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AGO 1952 No. 449 - December 24, 1952
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Smith Troy | 1941-1952 | Attorney General of Washington

CERTIFICATION OF FOSTER AND PROSPECTIVE ADOPTIVE HOMES FOR CHILDREN.

Chapter 270, Laws of 1951, does not require that adoptive homes be issued certificates of approval by the State Department of Social Security.

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                                                               December 24, 1952

Honorable George Hollenbeck
Acting Director
Department of Social Security
Olympia, Washington                                                                                                              Cite as:  AGO 51-53 No. 449

 Dear Sir:

             This is in answer to your request for an opinion of this office as to whether the Department of Social Security, under the provisions of chapter 270, Laws of 1951, must issue a certificate of approval as a foster home to homes in which children are placed for adoption.

             Our conclusion is that chapter 270, Laws of 1951, does not require that adoptive homes be issued certificates of approval by the State Department of Social Security.

                                                                      ANALYSIS

             Section 13, chapter 270, Laws of 1951, defines the term foster home as a

             "* * * home which is operated with or without compensation to provide care on a twenty-four hour basis or during a period of the twenty-four hours a day in lieu of the child's own home.  It shall not include within its scope the occasional care of a neighbor's, relative's or friend's child or children with or without compensation or where the person does not regularly engage in such activity or where the parents on a mutually cooperative basis exchange care of one another's children."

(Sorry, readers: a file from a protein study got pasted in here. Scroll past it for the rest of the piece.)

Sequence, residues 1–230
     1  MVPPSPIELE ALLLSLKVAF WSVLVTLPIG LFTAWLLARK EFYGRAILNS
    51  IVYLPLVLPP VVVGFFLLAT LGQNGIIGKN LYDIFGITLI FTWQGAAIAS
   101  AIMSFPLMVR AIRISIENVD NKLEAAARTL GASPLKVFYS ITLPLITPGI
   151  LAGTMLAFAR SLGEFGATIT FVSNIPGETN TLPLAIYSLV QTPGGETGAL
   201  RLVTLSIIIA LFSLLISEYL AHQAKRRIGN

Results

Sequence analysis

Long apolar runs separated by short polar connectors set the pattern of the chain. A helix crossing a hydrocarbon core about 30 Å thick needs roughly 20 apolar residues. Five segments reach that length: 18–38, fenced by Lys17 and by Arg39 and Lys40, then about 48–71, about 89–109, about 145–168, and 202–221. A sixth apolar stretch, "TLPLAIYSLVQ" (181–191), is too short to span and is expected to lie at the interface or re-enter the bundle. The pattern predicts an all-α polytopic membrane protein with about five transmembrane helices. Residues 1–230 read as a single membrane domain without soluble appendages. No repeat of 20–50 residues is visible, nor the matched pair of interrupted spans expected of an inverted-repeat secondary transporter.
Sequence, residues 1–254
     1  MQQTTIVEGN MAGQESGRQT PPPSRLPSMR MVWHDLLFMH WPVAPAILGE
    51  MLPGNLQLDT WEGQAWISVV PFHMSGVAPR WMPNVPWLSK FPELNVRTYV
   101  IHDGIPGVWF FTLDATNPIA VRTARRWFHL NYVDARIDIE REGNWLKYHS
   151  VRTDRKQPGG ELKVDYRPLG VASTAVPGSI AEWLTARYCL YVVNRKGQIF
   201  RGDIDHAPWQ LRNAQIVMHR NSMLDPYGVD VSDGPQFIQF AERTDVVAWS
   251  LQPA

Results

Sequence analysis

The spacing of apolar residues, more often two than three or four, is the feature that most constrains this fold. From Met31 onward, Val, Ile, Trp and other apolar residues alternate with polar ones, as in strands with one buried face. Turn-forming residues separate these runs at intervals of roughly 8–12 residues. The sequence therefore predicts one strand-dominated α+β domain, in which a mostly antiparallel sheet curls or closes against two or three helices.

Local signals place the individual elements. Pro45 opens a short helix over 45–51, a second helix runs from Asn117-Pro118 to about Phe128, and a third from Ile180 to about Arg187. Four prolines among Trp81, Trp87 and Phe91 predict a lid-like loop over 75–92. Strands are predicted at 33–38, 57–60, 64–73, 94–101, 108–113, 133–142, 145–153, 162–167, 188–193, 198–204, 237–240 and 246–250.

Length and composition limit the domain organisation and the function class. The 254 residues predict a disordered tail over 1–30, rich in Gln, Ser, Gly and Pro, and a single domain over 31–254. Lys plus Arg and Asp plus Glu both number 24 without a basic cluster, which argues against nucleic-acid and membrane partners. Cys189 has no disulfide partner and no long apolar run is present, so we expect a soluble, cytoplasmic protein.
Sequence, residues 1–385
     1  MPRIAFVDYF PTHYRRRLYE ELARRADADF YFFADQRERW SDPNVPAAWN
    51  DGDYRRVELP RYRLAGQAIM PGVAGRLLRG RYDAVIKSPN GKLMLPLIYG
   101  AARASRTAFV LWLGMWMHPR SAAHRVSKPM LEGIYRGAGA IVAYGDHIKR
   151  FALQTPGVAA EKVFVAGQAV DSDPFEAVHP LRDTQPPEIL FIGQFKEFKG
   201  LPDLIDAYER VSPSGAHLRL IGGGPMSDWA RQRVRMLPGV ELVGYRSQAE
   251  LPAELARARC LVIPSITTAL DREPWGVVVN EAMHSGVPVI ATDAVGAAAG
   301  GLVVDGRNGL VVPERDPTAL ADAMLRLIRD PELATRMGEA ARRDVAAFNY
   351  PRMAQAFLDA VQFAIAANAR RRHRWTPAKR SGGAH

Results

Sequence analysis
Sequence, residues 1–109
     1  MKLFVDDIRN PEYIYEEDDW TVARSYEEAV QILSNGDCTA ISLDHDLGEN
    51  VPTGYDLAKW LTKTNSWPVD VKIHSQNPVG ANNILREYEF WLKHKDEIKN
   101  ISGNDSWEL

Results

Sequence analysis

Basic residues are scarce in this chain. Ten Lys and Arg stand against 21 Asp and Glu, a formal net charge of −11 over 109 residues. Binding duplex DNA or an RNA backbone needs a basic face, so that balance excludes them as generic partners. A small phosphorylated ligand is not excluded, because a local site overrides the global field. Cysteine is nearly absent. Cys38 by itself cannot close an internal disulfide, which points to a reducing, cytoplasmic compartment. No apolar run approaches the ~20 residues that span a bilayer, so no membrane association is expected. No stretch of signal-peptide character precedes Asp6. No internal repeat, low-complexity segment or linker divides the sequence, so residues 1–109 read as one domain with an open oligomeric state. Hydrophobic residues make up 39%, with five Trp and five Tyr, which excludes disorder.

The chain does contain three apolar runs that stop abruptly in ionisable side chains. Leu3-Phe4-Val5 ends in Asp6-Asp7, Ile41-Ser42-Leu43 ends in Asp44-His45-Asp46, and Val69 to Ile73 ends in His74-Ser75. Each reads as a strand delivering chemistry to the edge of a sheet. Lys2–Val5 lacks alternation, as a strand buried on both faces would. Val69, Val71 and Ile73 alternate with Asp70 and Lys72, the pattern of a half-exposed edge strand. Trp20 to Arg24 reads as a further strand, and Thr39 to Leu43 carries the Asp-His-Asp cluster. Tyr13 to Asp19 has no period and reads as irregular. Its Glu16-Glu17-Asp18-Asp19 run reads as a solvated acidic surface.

[[Orig. Op. Page 2]]

            Chapter 270 was enacted by the legislature to provide protection of children who are neglected by their own parents and placed in institutions, day nurseries or foster homes, consistent with the current trend in child care to provide such children with living conditions as closely as possible approximating that of a normal home.  It is important that great care be given to see that the facilities afforded in such institutions or foster homes are of the best obtainable quality.  However, in our opinion the situation with regard to the home of adoptive parents, who assume the position of full parental responsibility, is entirely different and such is not a true foster home as that term is used in the law.  Such persons desiring to adopt children must subject both themselves and their home to a thorough investigation to determine, among other things, what type of child would be most suitable and whether their home would be a proper environment as a permanent adoption for the child, and usually no payment is made by the state for care in the adoptive home.  It is clear that since the adoptive home is thoroughly investigated before any adoptive placement is made, and is for a permanent and true parental status, there would be no need for the Department of Social Security to issue a certificate of approval of it as a foster home.

             Accordingly, it is the opinion of this office that under the provisions and general intent of chapter 270, Laws of 1951, homes in which a child has been placed for adoption do not need to be certified as a foster home by the State Department of Social Security.

 Very truly yours,
SMITH TROY
Attorney General 

JANE DOWDLE SMITH
Assistant Attorney General

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